Indian’s man search ends in Malaysia.
Being apart from parents is a different level of pain and it may even traumatise the child.
A story of a man who is searching for his father’s final resting place has finally come to an end. The call for Prabhurao Anandan’s search for his father’s grave has been answered.
Mr Thirumaran (who goes by only one name) said his father K Ramasundaram was a schoolteacher in Malaysia and he died of pneumonia in 1967. His father passed away merely six months after he was born. After the heartbreaking tragedy, Mr Thirumaran and his mother returned to the Southern Indian, State of Tamil Nadu in the same year.
He was unable to elaborate further about the memories he has of his father because he can’t even recall what he looked like. The Tamil Nadu-based journalist even gets more devasted after his mother passed away in 1987 when he was just 22 years old.
He kept some musty old letters that his father had written which has been passed down for years by his mother to him. According to his mother, his father was a “great humanitarian” and a “good singer,”.
Before her death 35 years ago, the mother shared an important detail about the site of her husband’s cemetery in Malaysia which is in the town of Kerling, where he had resided and passed away.
The 55-year-old activist, Mr Thirumaran who runs a school for kids rescued from forced labour in Tamil Nadu’s Tirunelveli district, made the decision to visit his father’s cemetery in November in an effort to “rekindle his connection” with him.
“I would often think that I must visit my father, but I hadn’t given it a serious thought. Until now,” he says.
Thanks to Google Search
Mr Thirumaran began his search by attempting to find his father’s school, but other than its name, he knew nothing about the institute. Ramasundaram taught the English subject at Thotta Thesiya Vakai Tamil Palli, a small school which was run by the Tamil community in Kerling.
With the help of Mr Thirumaran’s student, he began the search through Google. “I don’t know how to operate computers. So my students looked it up and showed me a picture of the school. I was stunned,” he expressed.
Besides, he also found that the school had been moved to another location, so he emailed its principal for help. Through the school administration, he got the contacts of his father’s former students, many of whom still live in Malaysia, and he reached out to them for help.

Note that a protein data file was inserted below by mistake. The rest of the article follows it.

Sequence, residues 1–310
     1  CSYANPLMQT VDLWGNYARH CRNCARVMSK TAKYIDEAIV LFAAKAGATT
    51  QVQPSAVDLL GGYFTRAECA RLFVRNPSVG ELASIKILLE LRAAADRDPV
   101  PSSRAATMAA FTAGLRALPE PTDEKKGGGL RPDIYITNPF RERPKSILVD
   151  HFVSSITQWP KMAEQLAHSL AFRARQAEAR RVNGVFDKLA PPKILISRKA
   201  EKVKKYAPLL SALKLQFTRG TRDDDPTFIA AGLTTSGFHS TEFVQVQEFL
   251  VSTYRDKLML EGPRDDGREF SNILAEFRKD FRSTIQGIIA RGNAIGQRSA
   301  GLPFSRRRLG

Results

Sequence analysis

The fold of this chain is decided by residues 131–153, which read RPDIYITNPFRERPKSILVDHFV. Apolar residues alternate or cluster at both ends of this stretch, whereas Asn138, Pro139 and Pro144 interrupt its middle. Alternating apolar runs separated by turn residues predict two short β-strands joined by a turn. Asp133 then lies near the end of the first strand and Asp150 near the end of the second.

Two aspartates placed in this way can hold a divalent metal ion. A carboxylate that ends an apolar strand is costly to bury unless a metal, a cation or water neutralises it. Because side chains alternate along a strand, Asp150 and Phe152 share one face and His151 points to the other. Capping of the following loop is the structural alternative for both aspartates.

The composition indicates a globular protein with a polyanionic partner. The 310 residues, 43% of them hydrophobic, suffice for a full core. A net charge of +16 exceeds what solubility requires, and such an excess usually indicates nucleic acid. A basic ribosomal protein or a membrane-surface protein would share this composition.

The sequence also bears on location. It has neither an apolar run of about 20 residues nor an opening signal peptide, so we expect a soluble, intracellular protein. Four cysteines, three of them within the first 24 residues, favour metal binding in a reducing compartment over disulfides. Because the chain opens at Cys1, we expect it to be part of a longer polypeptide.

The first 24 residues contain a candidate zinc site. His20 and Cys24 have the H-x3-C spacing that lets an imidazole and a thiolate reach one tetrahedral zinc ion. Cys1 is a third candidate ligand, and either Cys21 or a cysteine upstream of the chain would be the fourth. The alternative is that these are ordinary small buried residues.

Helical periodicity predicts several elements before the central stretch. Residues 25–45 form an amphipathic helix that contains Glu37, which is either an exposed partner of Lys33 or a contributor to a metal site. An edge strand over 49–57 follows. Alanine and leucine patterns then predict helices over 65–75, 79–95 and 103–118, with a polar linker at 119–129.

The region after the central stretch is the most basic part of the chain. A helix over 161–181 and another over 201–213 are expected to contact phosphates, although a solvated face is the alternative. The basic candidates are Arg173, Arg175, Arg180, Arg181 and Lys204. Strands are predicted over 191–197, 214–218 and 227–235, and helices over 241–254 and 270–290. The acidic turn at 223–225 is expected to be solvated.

Over the next few days, several of them responded to his queries and offered to go look for the burial place. Mr Thirumaran said he was startled to see how fondly the students praise his father. (The students are now in their 80’s)
“One of them told me how my father bought him a bicycle to go to school and college. Another said that when he trailed in his studies, my father helped him perform well,” he said.
“When I heard all this, I realised what I had lost in my own life.”
The Wait is Over!
The student informed Mr Thirumaran after they located his father’s grave in Malaysia. With that happy news, on 8th November, the overwhelmed Mr Thirumaran flew to Malaysia to see his father’s resting place.
On a muggy morning, he stepped into the old cemetery in Kerling, hidden in a thicket of trees, and walked around the numerous headstones until he reached one near the bushes. It was his father’s.
“The grave was a little worn out and overgrown with wild grass, but the gravestone had a photo of him, as well as his name and birth and death dates,” he said, adding that until then, he had not seen a photo of his father and had no idea what he looked like.
When Mr Thirumaran’s mother had returned to India, she had brought back with her a handful of earth from her husband’s grave, which he said, he had sprinkled on his mother’s grave.
“This time, I took a handful of earth from my mother’s resting place and put it on my father’s grave,” the emotional Mr Thirumaran continues.
“It was as if through me they were sharing their love, even after death,” he added.
Over the next few days, Mr Thirumaran, with help from his father’s old students, cleaned the grave, lit candles and prayed several times before returning to India on 16 November. He remarked the trip gave him “more than he had imagined” in the form of priceless memories and souvenirs, including old pictures of his father.
“His students told me that I look like him. For a boy who grew up without his father, this was life coming full circle,” he said.
It’s just a delight that he was able to meet again and discover more amazing things about his great-late father.